3719448961_6393fa69d2In traditional data centers, server configuration and management was the purview of system administrators. They lugged around the servers, hooked them up to power and networking infrastructures, and installed and configured the software and services required of them by clients.

For the most part, that’s still how data centers are run, except for the last part of the process: the configuration and management of server operating systems and other software.

As companies like Google and Facebook found they needed ever quicker and more agile server provisioning, they automated much of the process, developing programmatic tools that made server configuration more akin to development than traditional server administration. So began the rise of devops, which applies the techniques of development to system administration tasks.

Over the last few years, two tools have gained prominence in the devops world: Chef from OpsCode and Puppet. Both are configuration management tools created to allow for the programmatic configuration and management of multiple servers. There are however significant differences between the two.

The most obvious difference between Chef and Puppet is one of language. From a certain perspective, Puppet is a language – a declarative language with similarities to JSON – and the tools to implement that language’s instructions. OpsCode Chef on the other hand uses a subset of the popular Ruby language to create a domain specific language. Chef recipes are written in Ruby using helper functions that are part of Chef.

They also differ in that Puppet has dependency resolution at the resource level while Chef does not. While that might appear to advantage Puppet, in fact for many applications it unnecessarily increases complexity. Chef does not make assumptions about the environment in which it is running, trusting that the team involved in a project will have the understanding necessary to design recipes to suit their needs. It will then execute those recipes with identical results: Chef operations are entirely deterministic and predictable.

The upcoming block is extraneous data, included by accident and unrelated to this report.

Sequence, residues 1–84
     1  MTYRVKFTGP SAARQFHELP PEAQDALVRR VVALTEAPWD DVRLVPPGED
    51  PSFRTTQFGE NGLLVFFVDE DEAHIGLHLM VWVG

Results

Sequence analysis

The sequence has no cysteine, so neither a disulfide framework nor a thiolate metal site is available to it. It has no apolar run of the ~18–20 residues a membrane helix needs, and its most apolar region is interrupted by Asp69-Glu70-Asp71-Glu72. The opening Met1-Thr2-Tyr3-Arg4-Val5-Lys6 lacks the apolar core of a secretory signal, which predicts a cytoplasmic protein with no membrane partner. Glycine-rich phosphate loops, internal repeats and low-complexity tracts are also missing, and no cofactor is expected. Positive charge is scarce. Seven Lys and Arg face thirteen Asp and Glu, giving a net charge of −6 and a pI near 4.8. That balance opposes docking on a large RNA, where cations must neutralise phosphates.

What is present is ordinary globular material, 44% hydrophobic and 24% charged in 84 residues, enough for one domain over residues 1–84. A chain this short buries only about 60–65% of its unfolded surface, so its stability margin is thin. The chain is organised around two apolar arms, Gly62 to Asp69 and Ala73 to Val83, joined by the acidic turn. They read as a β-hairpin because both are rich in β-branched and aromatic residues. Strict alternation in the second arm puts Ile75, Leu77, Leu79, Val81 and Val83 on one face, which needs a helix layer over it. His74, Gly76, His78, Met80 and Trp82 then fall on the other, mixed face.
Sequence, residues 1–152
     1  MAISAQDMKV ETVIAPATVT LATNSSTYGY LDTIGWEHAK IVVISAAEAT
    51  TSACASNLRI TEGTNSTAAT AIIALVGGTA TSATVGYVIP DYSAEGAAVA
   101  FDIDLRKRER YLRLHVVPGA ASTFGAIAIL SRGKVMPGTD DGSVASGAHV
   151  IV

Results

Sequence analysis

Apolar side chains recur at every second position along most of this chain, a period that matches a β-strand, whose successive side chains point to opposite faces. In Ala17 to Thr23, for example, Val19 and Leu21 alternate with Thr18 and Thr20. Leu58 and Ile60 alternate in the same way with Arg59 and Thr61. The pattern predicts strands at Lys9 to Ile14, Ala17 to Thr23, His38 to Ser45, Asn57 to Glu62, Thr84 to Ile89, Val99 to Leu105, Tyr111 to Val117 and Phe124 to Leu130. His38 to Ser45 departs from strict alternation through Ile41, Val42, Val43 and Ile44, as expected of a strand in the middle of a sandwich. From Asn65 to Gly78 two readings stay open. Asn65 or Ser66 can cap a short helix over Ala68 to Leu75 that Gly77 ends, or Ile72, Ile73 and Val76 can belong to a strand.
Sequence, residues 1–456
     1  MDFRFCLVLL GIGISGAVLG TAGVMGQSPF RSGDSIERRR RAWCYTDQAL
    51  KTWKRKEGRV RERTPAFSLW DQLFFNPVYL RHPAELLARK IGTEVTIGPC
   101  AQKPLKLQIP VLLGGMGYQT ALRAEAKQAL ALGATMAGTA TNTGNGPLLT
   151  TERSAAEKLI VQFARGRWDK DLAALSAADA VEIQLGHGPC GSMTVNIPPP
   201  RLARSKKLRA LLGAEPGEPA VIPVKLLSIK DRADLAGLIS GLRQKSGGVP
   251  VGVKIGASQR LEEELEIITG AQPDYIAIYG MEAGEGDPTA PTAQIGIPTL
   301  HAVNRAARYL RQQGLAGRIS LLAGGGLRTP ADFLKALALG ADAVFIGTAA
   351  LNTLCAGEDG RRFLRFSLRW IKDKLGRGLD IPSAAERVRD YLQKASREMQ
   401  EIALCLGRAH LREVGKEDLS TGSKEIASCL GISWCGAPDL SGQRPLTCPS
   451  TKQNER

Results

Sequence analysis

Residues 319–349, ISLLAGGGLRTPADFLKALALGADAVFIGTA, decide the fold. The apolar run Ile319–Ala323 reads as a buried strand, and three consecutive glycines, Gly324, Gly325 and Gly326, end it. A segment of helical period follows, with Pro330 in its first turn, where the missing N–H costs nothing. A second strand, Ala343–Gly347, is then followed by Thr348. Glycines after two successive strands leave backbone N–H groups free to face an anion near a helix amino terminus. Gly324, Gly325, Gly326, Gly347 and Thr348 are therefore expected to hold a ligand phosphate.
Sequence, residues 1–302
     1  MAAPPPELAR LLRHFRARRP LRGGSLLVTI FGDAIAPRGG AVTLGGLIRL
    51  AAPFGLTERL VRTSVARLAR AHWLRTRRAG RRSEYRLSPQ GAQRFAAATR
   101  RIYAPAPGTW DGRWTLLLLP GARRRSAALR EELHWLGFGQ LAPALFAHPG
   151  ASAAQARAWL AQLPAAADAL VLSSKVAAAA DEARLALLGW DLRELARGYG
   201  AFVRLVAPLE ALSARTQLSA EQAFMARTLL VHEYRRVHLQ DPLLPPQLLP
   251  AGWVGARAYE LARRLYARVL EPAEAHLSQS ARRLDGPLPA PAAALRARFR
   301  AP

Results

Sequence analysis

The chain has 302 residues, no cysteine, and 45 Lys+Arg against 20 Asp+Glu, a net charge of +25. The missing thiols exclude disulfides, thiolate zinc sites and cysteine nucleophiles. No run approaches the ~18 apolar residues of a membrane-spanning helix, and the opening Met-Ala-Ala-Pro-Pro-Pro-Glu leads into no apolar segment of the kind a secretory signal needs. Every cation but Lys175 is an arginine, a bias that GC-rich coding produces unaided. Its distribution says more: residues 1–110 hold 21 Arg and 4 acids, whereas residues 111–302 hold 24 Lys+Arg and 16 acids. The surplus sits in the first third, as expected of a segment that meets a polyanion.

Chef also has the advantage of being designed from the ground up to integrate closely with other tools. And that’s part of what makes it an excellent tool for orchestrating configuration management in multi-cloud environments.

As is probably obvious from the above: devops tools like OpsCode Chef are perfectly suited to the cloud environment. The cloud is a programmatic abstraction of server hardware and infrastructure resting on top of virtualization technology. Configuration management tools are ideal for deploying and managing cloud servers, storage, and software.

Among the advantages to using OpsCode Chef for multi-cloud orchestration are:

  • Lower Barrier To Entry – OpsCode Chef uses Ruby natively, a language that is familiar to many and can be easily picked up by anyone with some development experience. Puppet on the other hand uses a declarative language which will not be familiar, either in its specifics or its concepts to most modern developers. While Puppet does implement a Ruby-based domain specific language, it demands users implement dependency graphs, which makes it more complex from the user perspective.

  • Excellent Integration With Cloud Services – Using the Knife Plug-in architecture, OpsCode Chef can be easily hooked into many different cloud environments. It’s the perfect choice for multi-cloud environment where companies want to distribute resources across different cloud vendors.

Using OpsCode Chef for multi-cloud configuration and management helps reduce management complexity, puts more options in the hands of developers, and helps users leverage the full benefits of a multicloud marketplace.

 

  • Adi Chiru

    I am not sure why was this article written as I can’t find a real comparison between the two tools. Also Chef and Puppet are NOT orchestration tools and they are still very bad at orchestration, unless you change the definition of that…. which is what some are trying to do currently….